In a fantasy setting, there are two types of evil: Evil of the individual and evil of the group. The first applies to singular characters of your novel, while the second can apply to entire races or cultures. In the first case, the evil, as noted in the prior post, comes from the individual’s character which is in turn formed by the individual’s personal ideological beliefs and such. In the second case, the evil comes strictly from the ideology of the group. It is the latter case which allows for things like racial alignment in D&D or in a world like Middle-Earth where all the orcs are evil.
It is worth noting, that neither individual alignment (we’ll just call it alignment for us gamers) is necessarily dependent upon group alignment, or vice versa. Just because the group alignment of orcs is evil, doesn’t mean this particular orc is evil (although it may be a good bet). Likewise, just because this particular pixie is evil, it doesn’t mean all pixies are evil (that’s not even a good bet). I never read the “Forgotten Realms” novels, but I believe there was a good drow elf named Drizzt Do’Urden running around (I just looked it up on the Net—there was). And that is a case in point.
Group alignment provides a simple way of setting up cultural conflicts in your book. The goblins are at war with humans because the humans are good and the goblins are evil. Pretty black and white. The benefit here is that the sides are well-defined as is the preferred victor. Although war in the real world may not always be so morally stark (although sometimes it is—think of WWII), in the fantasy setting there is nothing wrong with embracing such simplicity. Making it more complex (and perhaps realistic) by say dealing with wars between two good races makes it a little more difficult to determine who to root for. For myself, when I read of, say, human on human war, I get annoyed because it just strikes me as unnecessary carnage.
Individual evil is a whole other animal. One has to be careful when crafting evil characters for your story. Their purposes should be detailed and specific. They should be ruthless and cruel, but their goals and motivations should be complex and intriguing. One of my favorite evil characters (though I read the series when I was much younger) was Raistlin Majere from the Dragonlance series, the dark mage who kinda-sorta-if he’d wanted to-became a god. He was deliciously evil. And, of course (perhaps I should have listed this first), I’m a big fan of my own Lucian val Drasmyr, the master vampire from my book Drasmyr.
Anyway, those are my thoughts on the subject.
The question of good and evil is a largely philosophical question. Entire books on the subject have been written by scholars and philosophers through the ages. Nowadays, there seems to be some question as to whether or not good and evil actually exist. On one side are the relativists who claim that everything is relative, that good and evil are only figments of perception. On the other side are the absolutists who claim that morality is measured by absolute moral precepts that cannot be violated. Of course, that distinction may be something of a simplification. I’m sure there may be other flavors of nihilism besides relativism, and there may be other flavors of … what’s the right word here? … ethicism? … besides absolutism. Personally, I lean far more toward absolutism than I do relativism. However, I don’t think morality is limited to just absolutes. There are definitely some: rape is wrong, murder is wrong, etc… but not everything is so clear cut. There are some shades of grey and even some things which are entirely relative (arguing which is more sacred, Hannukah or Christmas, seems silly to me). That said, I do want to be clear: I believe evil to be very real. The question I wish to address here is: How do you represent evil in Literature?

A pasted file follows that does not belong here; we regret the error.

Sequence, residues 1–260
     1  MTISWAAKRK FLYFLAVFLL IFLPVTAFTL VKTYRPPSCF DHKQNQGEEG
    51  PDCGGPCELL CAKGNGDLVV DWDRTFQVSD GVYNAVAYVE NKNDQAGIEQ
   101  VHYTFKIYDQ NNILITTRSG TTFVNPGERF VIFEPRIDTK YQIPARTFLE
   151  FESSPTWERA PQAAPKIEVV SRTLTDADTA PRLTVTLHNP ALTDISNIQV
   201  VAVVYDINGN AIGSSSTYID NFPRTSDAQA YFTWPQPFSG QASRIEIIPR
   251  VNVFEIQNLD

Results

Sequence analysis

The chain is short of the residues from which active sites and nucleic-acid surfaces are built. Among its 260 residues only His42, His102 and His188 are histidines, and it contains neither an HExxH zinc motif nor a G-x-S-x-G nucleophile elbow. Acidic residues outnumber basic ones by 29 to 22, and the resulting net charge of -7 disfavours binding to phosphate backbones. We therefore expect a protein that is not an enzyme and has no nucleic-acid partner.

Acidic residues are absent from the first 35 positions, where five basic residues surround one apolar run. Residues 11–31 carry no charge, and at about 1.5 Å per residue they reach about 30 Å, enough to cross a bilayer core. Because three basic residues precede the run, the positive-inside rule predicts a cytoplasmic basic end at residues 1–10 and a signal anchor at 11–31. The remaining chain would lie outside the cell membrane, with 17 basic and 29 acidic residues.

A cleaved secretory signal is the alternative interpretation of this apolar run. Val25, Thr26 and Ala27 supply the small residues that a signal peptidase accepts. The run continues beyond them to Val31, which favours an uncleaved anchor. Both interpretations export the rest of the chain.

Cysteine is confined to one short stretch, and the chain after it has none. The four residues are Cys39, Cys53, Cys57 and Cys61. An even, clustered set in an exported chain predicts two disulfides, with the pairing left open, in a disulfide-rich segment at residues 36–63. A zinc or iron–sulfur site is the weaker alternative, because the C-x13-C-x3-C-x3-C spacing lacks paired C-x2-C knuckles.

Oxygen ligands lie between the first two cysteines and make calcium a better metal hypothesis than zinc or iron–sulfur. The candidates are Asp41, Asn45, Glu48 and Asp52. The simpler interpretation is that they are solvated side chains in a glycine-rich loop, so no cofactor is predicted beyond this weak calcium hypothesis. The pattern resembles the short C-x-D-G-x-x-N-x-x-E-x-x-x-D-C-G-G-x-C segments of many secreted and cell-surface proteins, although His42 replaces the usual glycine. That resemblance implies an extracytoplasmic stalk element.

What must be present for there to be evil? A few things come to mind: sentience (a rock cannot be evil), free will (a magically enslaved creature is not evil, insofar as its actions while enslaved are concerned), and ill intent. I’m sure I’m probably missing one or two. It’s been a while since I studied philosophy. Anyway, if you look at these characteristics the first two appear to be prerequisites of evil but not causes of evil. But the third is such a cause. Ill intent is almost a circular definition for evil. Hmmm. Perhaps I was too quick there. Although it is most certainly a cause, it may not be the only cause. I can imagine an evil being that holds no ill will toward someone while traveling with said someone for a short period of time. It is like the evil is repressed for a while. This makes me think that the evil is more permanent than simple ill intent. It is a property of the creature’s soul, if you will, or their character.
In the comments of an earlier discussion we mentioned ideology as the source of evil. Upon reflection, that seems accurate. If an individual’s ideology causes that person to kill and maim others without cause, it is safe to assume they are evil at heart. But that is an extreme case. Evil can occur in degrees with murder and death on edge of the spectrum, and simple selfishness on the other.
More can be said, of course, but I’ll leave it there for today.